Views 362
Citations 0
Comment & Response
February 2014

Does Nissen Fundoplication Decrease Reflux-Related Problems Including Respiratory Illness in Children With Neurological Impairment?—Reply

Author Affiliations
  • 1Department of Pediatrics, Primary Children’s Hospital, University of Utah, Salt Lake City
  • 2Department of Pediatrics, Boston Children’s Hospital, Harvard University, Boston, Massachusetts
  • 3Department of Surgery, Primary Children’s Hospital, University of Utah, Salt Lake City

Copyright 2014 American Medical Association. All Rights Reserved. Applicable FARS/DFARS Restrictions Apply to Government Use.

JAMA Pediatr. 2014;168(2):188-189. doi:10.1001/jamapediatrics.2013.4700

In Reply Dr Hauer raises cogent issues about the surgical treatment of gastroesophageal reflux (GERD) in children with neurological impairment (NI). The issues she presents resonate with us; we concur that future prospective studies with highly detailed attributes of the digestive and neurological functioning and respiratory risk of children with NI are needed to guide families making decisions about surgical treatment of GERD.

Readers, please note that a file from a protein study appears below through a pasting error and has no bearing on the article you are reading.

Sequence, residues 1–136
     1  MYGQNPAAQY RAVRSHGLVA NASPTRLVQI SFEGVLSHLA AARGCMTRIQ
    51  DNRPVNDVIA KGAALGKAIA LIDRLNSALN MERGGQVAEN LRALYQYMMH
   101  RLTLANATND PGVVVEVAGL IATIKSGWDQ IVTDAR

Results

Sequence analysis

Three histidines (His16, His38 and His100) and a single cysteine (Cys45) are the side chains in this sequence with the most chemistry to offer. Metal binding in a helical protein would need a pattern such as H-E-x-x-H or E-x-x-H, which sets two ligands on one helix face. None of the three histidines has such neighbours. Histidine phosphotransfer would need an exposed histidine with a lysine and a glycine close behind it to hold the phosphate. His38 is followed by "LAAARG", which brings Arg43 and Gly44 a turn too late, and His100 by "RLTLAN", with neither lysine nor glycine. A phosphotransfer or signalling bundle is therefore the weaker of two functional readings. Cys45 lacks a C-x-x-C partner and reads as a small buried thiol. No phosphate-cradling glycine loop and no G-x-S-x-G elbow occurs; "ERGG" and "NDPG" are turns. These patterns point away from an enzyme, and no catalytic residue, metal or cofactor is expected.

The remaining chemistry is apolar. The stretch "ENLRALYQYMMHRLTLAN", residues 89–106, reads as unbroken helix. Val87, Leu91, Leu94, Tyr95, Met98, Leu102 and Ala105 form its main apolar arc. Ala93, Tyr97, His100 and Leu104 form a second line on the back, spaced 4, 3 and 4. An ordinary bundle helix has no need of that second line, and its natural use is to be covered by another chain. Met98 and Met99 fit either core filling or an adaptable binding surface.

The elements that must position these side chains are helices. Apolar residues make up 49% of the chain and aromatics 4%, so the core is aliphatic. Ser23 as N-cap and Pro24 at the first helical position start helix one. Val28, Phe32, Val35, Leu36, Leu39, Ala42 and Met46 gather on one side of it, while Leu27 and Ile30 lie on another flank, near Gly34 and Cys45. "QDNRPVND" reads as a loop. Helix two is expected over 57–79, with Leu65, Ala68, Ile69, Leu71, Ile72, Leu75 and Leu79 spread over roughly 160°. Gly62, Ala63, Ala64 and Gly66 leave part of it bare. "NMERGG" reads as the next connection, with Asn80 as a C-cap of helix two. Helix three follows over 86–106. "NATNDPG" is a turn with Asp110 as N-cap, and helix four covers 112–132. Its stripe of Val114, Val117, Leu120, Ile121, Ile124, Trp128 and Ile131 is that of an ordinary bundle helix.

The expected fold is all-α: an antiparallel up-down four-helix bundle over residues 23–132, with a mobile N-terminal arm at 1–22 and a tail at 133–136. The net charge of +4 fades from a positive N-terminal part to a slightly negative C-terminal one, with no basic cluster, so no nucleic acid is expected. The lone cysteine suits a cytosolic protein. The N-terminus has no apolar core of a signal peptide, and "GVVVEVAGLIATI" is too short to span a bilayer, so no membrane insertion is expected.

Pragmatic clinical trials (or well-constructed observational studies) characterized by sufficient statistical power; clinically appropriate, well-defined patient variables; and comprehensive, meaningful patient outcomes have the greatest potential to identify ideal surgical candidates. These would also potentially reduce the extreme variation in surgical practice observed in our study.1 Unless prospective studies have careful patient selection, including a rigorous, standardized evaluation and preoperative management of the GERD symptoms, some infants may be enrolled for a procedure that cannot be expected to provide benefit. An additional important consideration for future studies is the inclusion of both practical and robust measures of functional impairment because the degree of functional impairment is related to overall survival, including respiratory compromise from aspiration pneumonia.2 Several prospective studies have used standardized, validated functional motor classification instruments.3 Alternatively, for infants in whom these instruments have not been validated, other clinical criteria have been used (eg, hand use, arm use) to analyze children with NI.4

First Page Preview View Large
First page PDF preview
First page PDF preview